School budget going up?
Greenfield board requesting more to meet growing demand
GREENFIELD — Rising enrollment, an expected increase in state aid and a need to make up for reduced special education funding are driving an 8.5 percent increase in next year’s school budget, said Superintendent Susan Hollins Thursday.
The $17.1 million draft budget, presented by Hollins to the Greenfield School Committee Thursday, will cover at least nine more full-time staff members and 11 part-time staff members (some already covered by grants). But it could add even more — like reading tutors and a new personnel director — depending on the amount of state aid the district receives.
“The reason our budget is going up is not that we’re reckless. It’s because we’re growing,” said Hollins. The district’s lower grades have between 140 and 160 brick-and-mortar students, compared to high school grades that are under 100.
More students means the need for more teachers, said Hollins. The budget will pay for two part-time elementary teachers, one part-time middle school teacher, three full-time middle school teachers, two full-time high school teachers and two part-time music teachers.
It also will pay for at least four full-time and five part-time non-teaching positions. But Hollins also has a wish list of initiatives to improve the school district, which includes new positions like reading tutors, a library/literary support position, a payroll clerk in the business office, a personnel director, a part-time guidance counselor and a part-time gym teacher.
The draft budget is $1.34 million higher than last year — an amount that local officials are expecting to be covered by increased state aid.
In Gov. Deval Patrick’s budget proposal, Greenfield is in line to get $1.78 million more in Chapter 70 aid — the major program of state aid to public elementary and secondary schools, which last year funded 68 percent of the school district’s budget.
If that amount sticks, the town will turn over about $460,000 less in “local funding” sources (like taxes) than it did last year. Even if Greenfield’s final Chapter 70 aid is 75 percent of what the governor is asking for, the town would still be paying $20,000 less than last year.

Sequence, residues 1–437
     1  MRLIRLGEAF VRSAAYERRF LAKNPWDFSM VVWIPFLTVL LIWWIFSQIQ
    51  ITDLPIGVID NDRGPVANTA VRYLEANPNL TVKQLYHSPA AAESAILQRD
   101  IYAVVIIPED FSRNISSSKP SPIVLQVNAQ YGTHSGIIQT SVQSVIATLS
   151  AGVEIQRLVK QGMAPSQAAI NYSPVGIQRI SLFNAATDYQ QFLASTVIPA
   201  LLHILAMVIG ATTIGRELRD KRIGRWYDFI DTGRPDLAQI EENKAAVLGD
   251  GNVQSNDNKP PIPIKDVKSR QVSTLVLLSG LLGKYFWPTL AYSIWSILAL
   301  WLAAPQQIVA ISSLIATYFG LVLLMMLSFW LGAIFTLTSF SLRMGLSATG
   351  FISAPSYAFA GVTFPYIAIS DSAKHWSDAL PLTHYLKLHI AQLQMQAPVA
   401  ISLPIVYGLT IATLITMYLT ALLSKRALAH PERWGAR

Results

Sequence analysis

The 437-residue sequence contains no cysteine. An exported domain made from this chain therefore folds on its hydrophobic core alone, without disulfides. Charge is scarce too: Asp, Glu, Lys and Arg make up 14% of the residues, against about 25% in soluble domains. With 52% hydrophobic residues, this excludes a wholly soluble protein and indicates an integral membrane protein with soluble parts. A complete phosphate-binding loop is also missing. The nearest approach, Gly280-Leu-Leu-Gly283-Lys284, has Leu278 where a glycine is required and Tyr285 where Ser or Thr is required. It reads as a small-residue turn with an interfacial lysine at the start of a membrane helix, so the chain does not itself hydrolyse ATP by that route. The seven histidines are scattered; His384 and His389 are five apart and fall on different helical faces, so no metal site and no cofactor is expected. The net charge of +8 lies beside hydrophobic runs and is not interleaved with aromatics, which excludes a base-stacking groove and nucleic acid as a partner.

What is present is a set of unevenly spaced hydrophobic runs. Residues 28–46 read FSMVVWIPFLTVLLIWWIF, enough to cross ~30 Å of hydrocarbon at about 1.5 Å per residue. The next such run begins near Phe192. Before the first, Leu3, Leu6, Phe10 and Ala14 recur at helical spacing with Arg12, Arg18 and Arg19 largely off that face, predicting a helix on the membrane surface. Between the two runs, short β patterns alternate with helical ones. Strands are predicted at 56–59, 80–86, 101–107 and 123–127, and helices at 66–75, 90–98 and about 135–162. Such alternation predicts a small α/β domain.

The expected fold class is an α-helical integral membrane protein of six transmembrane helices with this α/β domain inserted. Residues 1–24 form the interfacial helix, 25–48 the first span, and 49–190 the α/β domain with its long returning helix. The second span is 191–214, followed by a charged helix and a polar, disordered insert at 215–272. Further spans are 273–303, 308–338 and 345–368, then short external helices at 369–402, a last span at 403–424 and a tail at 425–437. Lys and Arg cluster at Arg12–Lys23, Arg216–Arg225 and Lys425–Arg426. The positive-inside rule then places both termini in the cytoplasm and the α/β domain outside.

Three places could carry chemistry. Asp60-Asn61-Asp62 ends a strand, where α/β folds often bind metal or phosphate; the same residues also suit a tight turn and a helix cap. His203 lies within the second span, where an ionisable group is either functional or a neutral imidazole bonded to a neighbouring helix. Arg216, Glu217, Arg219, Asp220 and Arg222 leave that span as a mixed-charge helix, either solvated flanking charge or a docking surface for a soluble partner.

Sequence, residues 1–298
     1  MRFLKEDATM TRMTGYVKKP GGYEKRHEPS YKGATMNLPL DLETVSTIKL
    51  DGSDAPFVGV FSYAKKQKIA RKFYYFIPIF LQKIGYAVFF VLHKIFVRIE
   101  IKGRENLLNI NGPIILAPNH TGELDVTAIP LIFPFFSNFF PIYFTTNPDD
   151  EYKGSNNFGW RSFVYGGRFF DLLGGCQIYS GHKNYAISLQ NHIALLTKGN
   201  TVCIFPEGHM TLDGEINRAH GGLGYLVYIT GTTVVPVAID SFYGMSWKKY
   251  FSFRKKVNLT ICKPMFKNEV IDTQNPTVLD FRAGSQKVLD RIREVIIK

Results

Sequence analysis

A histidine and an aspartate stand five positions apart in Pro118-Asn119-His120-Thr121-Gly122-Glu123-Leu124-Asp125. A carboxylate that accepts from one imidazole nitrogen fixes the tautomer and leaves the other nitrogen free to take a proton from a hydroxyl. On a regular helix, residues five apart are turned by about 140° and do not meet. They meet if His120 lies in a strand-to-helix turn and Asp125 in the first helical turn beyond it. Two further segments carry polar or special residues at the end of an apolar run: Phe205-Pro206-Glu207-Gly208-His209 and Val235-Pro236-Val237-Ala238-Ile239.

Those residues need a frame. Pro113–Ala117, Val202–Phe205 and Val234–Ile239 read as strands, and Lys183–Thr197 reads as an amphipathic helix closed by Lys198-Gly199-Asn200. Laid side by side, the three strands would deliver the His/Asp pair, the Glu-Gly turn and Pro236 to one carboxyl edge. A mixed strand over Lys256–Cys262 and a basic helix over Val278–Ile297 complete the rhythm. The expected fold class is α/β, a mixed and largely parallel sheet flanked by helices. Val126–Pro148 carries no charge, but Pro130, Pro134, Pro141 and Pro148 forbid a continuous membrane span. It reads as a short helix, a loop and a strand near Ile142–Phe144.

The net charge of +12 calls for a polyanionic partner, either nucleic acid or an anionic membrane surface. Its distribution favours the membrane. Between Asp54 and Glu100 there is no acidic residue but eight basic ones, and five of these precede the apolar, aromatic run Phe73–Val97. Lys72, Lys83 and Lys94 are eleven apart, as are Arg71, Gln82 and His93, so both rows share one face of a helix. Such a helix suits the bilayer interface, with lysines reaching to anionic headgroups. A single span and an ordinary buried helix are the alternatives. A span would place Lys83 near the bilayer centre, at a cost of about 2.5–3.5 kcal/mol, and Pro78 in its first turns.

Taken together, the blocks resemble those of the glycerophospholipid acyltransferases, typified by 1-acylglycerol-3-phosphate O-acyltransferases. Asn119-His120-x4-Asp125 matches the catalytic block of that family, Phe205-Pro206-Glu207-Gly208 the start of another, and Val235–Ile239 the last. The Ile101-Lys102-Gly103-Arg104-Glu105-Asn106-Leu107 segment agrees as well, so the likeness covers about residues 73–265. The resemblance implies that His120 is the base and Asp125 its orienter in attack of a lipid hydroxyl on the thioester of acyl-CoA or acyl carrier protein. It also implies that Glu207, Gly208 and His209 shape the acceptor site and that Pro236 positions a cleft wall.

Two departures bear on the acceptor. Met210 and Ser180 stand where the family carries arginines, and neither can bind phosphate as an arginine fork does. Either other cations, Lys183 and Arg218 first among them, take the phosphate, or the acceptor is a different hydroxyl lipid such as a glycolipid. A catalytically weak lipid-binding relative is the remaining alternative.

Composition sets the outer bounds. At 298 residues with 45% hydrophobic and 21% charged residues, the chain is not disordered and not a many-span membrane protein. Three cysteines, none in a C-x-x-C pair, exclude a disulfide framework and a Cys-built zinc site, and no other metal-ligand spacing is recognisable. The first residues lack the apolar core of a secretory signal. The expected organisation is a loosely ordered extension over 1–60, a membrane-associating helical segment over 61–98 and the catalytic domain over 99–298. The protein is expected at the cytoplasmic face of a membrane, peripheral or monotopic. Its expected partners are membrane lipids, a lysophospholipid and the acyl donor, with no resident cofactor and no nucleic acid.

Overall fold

And if the district had to reduce its budget, Hollins said it would be those school system initiatives that would most likely be cut.
While Chapter 70 aid is expected to increase, the same can’t be said for the state’s “circuit breaker” special education funding.
What was in the area of $750 million in statewide circuit breaker funding five years ago is now down to $230 million next year, said Chairman John Lunt. It’s a big loss, he said, because the districts count on that money to cover the high costs of supporting its disabled students — which sometimes exceeds $100,000 for one child.
Lower reimbursement rates and a higher cost threshold (the point when districts can ask for reimbursements) is placing Greenfield in a $400,000 gap, said Hollins.
The school district’s budget calls for an increase of $484,000 (3.1 percent) in money for special education — an effort by local officials to make up for the loss without having to cut into other parts of its budget.
The committee didn’t start talking about the budget until 9 p.m., because of a two-and-a-half hour discussion on the district’s virtual school’s future.
As a result, members asked for more time to analyze and deliberate on the budget.
“I’m concerned we don’t have enough time to hear what everyone has to say,” said Mayor William Martin.
Lunt scheduled a special School Committee meeting for next Tuesday at 7:30 p.m. at the high school.
The committee will then meet again to finalize the budget, as previously scheduled, on Thursday night at 6:30 p.m. at the high school.